The ruins of the Lira stood on a small hill overlooking the cave-riddled western shore of the Point, not far from the great black rock of La Piedra. The hotel had been built on the plan of a three-sided open rectangle. The main portion, which had contained the lobby and all of the grandest rooms, faced south. At one time the broad open space in the middle, walled in on either hand by the east and west wings of the building, had enclosed an immaculate lawn traversed by wide gravel walks, brilliant flower gardens, a couple of majestic cypresses, a hedge of holly, and a grand three-tiered fountain. All that remained now was one old twisted tree and the rubble of the fountain’s cracked granite basins. The rest of the space had been entirely taken over by sage, beach grass, and low-growing coastal scrub.
Except for portions of the west wing, which had borne the brunt of ocean gales and storms, the outer frame of the building itself was still largely intact. Like St. Halistan’s church, its exterior walls had been constructed of solid stone. The woodwork, both inside and out, had suffered terribly at the hands of the ravaging decades. The few doors still remaining hung in blasted shards from rusty hinges. The glass in the windows had all been broken out. Most of the door-frames and window casements had long since rotted away.
As he stared up at it from among the weeds and wild grasses of the one-time courtyard, this shattered and abandoned structure seemed to Morgan the fossilized skeleton of some gigantic Behemoth. He shivered involuntarily at the sight of its second- and third-story windows, all of them standing open to the invading sea air, blank, frigid, and empty. They appeared to be gaping down at him like so many hollow eyes.
He was just surveying the east wing, searching for the most likely point of entry, when a rustling among some dead leaves and branches near the main entrance caught his attention. Gripping the blue bundle tightly under his arm, he took a few hesitant steps towards the porch. Under its shadow he could see the remains of the surviving half of a double oak door dangling crookedly from the crumbling door-frame. Within the porch itself all was thick shadow. Beyond it lay the blackness of the deserted lobby. Morgan took out his flashlight and directed its beam straight through the front door of the Lira. No one was there.
This place is kind of creepy, he thought. He hadn’t expected to find his nerves so badly shaken by the loneliness and quietude of the spot. What if somebody’s out here? he wondered, sitting down on a piece of the broken fountain. What if I’m attacked?
It was only natural that these fears should lead to thoughts of the sword Azoth; and not merely thoughts of its sharp blue blade, but of the words he remembered reading in The Life and Times of Paracelsus:
… some say it possessed the power to deflect the hatred of his enemies. Others affirm that in the sword’s hollow pommel Paracelsus kept a miraculous powder …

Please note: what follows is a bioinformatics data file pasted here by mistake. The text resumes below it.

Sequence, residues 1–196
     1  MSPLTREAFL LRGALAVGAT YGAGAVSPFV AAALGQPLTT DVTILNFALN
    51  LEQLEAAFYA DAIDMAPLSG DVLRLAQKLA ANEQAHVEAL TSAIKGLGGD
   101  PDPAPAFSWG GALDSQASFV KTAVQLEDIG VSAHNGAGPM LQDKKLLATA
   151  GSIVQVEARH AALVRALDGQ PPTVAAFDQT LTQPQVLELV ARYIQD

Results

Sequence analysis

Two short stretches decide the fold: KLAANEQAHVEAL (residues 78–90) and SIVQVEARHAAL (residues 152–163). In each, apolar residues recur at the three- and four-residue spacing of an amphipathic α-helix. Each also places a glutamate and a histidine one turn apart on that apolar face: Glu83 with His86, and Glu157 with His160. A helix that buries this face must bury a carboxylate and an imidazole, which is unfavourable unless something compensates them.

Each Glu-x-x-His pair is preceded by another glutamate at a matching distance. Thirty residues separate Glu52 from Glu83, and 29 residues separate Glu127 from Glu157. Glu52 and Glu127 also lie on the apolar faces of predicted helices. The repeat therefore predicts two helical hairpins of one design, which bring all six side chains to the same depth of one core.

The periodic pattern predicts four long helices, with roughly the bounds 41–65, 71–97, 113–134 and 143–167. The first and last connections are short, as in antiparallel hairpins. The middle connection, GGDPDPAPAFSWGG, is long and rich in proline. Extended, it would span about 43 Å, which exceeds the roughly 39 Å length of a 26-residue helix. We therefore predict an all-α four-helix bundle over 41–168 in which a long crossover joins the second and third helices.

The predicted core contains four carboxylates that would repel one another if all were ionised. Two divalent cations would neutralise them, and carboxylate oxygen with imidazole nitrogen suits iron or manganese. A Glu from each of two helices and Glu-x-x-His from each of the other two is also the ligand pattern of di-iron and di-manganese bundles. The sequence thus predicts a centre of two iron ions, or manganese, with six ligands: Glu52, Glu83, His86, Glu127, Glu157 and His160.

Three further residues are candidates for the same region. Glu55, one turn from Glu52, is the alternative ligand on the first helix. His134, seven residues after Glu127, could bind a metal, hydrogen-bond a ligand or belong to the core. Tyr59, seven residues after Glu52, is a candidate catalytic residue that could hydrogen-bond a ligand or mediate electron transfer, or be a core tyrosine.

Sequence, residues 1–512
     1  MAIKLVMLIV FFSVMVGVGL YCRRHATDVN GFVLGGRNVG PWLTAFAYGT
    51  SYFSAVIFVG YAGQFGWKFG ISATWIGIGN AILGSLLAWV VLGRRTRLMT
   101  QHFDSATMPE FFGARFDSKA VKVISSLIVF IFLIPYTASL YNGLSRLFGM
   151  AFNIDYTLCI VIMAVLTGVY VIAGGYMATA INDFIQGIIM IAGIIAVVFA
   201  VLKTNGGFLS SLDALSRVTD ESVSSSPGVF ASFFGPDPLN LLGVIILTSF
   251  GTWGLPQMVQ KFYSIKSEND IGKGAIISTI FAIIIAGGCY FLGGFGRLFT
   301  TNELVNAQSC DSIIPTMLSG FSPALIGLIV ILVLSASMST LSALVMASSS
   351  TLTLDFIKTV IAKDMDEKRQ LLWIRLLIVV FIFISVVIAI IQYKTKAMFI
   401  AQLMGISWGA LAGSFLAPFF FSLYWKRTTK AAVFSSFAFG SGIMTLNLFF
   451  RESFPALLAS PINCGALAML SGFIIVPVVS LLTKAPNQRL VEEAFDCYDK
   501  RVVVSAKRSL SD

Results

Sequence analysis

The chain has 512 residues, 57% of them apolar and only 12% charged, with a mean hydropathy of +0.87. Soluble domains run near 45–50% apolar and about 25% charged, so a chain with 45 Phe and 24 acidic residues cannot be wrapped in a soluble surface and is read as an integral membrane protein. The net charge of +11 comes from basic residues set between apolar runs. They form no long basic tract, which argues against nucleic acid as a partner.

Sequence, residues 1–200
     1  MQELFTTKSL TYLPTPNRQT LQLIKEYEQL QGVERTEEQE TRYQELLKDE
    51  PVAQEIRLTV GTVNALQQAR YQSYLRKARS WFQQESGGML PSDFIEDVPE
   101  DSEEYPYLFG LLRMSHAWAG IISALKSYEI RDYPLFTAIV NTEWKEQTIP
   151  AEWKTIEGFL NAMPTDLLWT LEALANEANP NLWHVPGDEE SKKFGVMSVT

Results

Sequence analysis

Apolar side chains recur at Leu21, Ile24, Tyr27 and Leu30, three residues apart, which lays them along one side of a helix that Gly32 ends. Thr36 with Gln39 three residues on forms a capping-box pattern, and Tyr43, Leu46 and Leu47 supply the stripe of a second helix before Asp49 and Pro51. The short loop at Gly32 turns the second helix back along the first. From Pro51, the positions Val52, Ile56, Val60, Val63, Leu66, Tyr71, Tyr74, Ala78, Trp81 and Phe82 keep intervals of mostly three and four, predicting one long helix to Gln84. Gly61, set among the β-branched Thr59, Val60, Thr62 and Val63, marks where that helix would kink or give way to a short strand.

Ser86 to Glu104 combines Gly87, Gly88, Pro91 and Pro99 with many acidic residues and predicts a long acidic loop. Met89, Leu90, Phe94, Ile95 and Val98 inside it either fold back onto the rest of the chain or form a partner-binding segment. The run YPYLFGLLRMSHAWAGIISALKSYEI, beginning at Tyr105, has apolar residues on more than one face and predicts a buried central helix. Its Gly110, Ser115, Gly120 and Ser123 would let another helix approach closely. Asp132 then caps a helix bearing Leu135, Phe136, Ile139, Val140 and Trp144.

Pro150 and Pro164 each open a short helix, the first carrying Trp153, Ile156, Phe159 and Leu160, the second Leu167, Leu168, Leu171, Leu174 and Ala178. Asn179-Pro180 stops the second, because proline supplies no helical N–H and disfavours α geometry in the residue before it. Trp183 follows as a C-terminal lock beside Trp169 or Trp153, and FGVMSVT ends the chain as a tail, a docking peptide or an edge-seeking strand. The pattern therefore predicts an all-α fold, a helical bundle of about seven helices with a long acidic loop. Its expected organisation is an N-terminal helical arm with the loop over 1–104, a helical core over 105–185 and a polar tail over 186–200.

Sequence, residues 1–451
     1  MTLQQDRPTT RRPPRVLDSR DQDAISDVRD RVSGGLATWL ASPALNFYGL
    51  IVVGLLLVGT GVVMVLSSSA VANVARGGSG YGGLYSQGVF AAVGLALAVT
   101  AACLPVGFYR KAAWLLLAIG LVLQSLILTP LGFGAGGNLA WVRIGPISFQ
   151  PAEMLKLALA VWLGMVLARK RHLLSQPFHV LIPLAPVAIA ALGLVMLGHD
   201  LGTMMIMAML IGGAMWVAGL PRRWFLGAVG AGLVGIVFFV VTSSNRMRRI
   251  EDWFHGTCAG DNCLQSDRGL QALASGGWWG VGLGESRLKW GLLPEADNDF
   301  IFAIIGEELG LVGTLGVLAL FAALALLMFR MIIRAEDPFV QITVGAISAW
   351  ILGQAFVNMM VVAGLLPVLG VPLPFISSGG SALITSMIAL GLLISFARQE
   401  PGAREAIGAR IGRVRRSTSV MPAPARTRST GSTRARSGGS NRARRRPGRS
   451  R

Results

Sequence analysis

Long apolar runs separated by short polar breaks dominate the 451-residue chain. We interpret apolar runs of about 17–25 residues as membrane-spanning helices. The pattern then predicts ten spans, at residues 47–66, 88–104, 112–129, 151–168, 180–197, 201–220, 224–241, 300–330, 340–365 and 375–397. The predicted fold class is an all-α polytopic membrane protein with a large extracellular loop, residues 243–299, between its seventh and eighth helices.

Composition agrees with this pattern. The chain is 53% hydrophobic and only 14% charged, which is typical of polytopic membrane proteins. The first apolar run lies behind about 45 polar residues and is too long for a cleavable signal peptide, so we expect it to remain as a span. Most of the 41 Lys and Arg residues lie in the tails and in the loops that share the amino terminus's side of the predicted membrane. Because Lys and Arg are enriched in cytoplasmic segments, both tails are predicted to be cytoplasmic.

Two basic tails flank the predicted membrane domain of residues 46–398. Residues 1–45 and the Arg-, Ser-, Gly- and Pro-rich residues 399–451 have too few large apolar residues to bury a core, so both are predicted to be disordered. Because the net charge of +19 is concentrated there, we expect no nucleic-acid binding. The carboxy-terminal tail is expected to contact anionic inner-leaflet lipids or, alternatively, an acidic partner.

Morgan looked down at the blue bundle. If it’s hollow, why is it so hard to open? Peeling away just enough of the flannel to reveal the hilt, he gripped the golden globe at the end of the handle and tried again to pry it off. Nothing happened. He took a firmer hold and twisted for all he was worth. It wouldn’t budge.
“What’s that you’ve got there?” said a voice from over his shoulder.
Up jumped Morgan, his heart in his throat. Hastily covering the sword, he whipped around and found himself face to face with Baxter Knowles.
“You!” he cried. “What are you doing here?”
“I saw you leave school with that big pack on your back,” Baxter answered nonchalantly, turning up the collar of his blue windbreaker. “Looked to me like you were up to something. I decided to follow.”
“I figured you might need my help.”
“Your help! I don’t think so!”
“Look, Izaak, I’ve bailed you out before. Maybe I can do it again. Don’t be stupid.”
Morgan eyed him narrowly. “I’d be stupid to believe anything you say. You’re just a bully and a liar! And don’t think I can’t fight back if I have to!”
Baxter backed off, his eyes wide with something akin to genuine awe. “Listen, I’m not looking for trouble,” he said, staring fixedly at the blue bundle. “I only meant to—”
“Then get out of here. Just go home.”
With that, Morgan spun around and walked straight into the old hotel’s east wing. Not once did he look back until he was switching on his flashlight and ducking under its yawning black doorway. Then, turning for the briefest moment, he quickly reconnoitered the shadows that lay jumbled together on the weedy quadrangle. Baxter was nowhere to be seen.
Guess I told him, he thought, carefully stepping over the warped floorboards and pointing his light down the cobwebby hallway to what looked like the lower end of a broad winding staircase.
East wing, second floor. That’s what the yellow piece of paper in his father’s notebook had said. Morgan reached the stairs and began to climb …
(To be continued …)